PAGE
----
I was once asked to pick my ‘ultimate chemistry hero’ for a series on great scientists. It was a hard decision – there are a lot of great chemists out there – so in the end I ducked the question and turned it into a sort of joke. The perfect light entertainment to revisit just before Christmas, I thought.
I picked Melvin Calvin as my hero. But it was only because of an amusing story I was told by the legendary John Kilcoyne that I began to take serious notice of Calvin’s work. That said, Calvin is a man worthy of standing alongside some of the other giants of the chemical sciences…
Calvin set about conducting torturously complex experiments to assess the impact of everything from light, pH, carbon dioxide and oxygen on photosynthesis. All this needed an elaborate array of instruments and Calvin’s 1955 paper in the Journal of the American Chemical Society has a figure showing one such set up. It looks like exactly the sort of thing a stereotypical mad scientist would dream up and was undoubtedly exacting both to set up and use on a daily basis.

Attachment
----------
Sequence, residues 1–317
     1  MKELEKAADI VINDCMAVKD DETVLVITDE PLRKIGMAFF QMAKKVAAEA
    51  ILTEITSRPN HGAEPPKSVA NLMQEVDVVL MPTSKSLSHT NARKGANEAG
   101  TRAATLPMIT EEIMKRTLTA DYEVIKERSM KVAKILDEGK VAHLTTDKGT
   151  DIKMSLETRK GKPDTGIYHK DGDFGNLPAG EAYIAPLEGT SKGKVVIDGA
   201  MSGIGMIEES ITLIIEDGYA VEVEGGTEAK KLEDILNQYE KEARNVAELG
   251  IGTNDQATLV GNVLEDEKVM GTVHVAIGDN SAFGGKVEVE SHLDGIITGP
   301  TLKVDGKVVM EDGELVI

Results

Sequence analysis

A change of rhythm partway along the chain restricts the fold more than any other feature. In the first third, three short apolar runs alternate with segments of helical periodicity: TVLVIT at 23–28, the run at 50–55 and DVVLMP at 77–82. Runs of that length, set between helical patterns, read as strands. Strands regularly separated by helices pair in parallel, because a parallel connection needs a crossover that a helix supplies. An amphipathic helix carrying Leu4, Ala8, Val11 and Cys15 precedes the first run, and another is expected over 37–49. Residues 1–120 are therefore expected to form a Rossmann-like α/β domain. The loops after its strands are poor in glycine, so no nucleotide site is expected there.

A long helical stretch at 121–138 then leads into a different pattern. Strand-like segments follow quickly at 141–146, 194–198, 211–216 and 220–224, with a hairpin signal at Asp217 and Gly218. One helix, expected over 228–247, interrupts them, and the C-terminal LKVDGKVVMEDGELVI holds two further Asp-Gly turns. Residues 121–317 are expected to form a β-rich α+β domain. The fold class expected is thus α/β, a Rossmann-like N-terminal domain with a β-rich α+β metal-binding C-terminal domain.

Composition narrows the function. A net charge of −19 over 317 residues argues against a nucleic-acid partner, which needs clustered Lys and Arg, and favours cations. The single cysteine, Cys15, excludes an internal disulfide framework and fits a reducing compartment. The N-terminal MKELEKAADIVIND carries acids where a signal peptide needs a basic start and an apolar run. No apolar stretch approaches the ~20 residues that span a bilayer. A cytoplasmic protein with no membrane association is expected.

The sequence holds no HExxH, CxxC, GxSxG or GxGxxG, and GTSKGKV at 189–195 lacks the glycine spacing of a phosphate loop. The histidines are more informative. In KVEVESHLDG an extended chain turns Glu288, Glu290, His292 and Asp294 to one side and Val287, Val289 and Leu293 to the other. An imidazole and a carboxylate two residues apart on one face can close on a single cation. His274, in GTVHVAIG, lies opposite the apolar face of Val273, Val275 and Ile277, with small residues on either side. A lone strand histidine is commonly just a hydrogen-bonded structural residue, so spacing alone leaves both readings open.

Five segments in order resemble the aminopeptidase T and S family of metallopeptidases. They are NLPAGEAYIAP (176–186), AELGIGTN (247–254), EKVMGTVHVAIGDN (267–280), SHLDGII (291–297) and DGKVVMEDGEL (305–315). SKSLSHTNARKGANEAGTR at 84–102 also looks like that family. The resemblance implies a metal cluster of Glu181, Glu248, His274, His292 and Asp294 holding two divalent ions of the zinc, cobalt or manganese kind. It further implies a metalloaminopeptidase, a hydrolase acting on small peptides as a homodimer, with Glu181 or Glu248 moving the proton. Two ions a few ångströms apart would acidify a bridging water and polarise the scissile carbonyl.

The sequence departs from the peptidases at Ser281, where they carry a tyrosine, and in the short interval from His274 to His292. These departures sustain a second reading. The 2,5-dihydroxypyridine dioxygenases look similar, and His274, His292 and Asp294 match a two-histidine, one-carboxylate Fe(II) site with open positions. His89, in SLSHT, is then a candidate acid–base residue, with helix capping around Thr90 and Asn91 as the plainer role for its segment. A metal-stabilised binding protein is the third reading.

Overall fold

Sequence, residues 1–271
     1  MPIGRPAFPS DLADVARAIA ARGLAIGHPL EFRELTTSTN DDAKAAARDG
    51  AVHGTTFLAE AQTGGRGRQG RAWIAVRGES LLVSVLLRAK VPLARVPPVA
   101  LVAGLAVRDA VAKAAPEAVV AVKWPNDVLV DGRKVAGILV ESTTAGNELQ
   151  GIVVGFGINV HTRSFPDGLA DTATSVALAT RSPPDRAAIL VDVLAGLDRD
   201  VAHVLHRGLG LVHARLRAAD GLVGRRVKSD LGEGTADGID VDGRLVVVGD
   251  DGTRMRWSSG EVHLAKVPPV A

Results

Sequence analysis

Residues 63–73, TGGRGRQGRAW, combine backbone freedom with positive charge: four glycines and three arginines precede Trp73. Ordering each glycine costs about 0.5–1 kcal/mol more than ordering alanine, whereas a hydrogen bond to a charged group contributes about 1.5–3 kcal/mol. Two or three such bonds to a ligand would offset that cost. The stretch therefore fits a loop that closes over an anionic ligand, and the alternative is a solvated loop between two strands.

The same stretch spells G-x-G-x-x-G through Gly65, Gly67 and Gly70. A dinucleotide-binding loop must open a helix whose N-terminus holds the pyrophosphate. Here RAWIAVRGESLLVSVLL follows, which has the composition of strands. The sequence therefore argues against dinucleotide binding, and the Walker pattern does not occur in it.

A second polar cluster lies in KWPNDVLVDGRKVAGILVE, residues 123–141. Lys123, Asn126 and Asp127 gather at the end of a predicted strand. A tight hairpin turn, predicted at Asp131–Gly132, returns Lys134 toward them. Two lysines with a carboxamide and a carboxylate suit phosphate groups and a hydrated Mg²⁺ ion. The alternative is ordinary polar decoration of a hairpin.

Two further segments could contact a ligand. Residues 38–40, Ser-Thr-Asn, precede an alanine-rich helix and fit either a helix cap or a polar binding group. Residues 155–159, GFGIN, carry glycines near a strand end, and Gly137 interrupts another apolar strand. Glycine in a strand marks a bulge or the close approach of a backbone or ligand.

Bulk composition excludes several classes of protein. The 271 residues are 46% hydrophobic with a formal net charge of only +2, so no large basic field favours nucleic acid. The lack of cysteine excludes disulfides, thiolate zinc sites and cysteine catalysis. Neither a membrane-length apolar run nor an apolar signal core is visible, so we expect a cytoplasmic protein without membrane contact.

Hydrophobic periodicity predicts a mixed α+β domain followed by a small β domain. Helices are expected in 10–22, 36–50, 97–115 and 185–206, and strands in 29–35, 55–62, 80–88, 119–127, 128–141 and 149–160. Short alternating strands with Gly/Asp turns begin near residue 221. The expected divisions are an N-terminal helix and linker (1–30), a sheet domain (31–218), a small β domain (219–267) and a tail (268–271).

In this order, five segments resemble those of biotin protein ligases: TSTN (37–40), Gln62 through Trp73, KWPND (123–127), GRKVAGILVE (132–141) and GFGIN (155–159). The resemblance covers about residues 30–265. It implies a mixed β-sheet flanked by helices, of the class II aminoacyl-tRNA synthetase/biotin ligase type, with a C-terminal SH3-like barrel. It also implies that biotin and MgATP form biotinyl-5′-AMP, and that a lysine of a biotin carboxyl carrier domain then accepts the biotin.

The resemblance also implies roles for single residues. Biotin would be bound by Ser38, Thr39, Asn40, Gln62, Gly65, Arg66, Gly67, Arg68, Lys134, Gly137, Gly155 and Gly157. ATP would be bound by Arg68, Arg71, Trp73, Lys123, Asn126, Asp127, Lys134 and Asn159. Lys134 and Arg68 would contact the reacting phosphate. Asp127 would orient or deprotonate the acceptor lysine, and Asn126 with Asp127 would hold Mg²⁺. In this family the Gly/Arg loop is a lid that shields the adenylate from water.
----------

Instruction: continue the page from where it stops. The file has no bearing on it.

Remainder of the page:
Here’s the diagram – can you spot anything unusual about it yet?
I wasn’t lucky enough to ever meet Calvin (he died in 1997), but according to Kilcoyne he was a serious man with little patience for jokes or pleasantries. This contrasted starkly with his graduate student, A. T. Wilson, who was, it would seem, a bit of a practical joker. Wilson reputedly made a wager with his departmental secretary that he could sneak in a picture of a man fishing into one of the diagrams in a forthcoming paper without his supervisor noticing. He won his bet and the fishing man is still in the diagram today. Calvin never found out.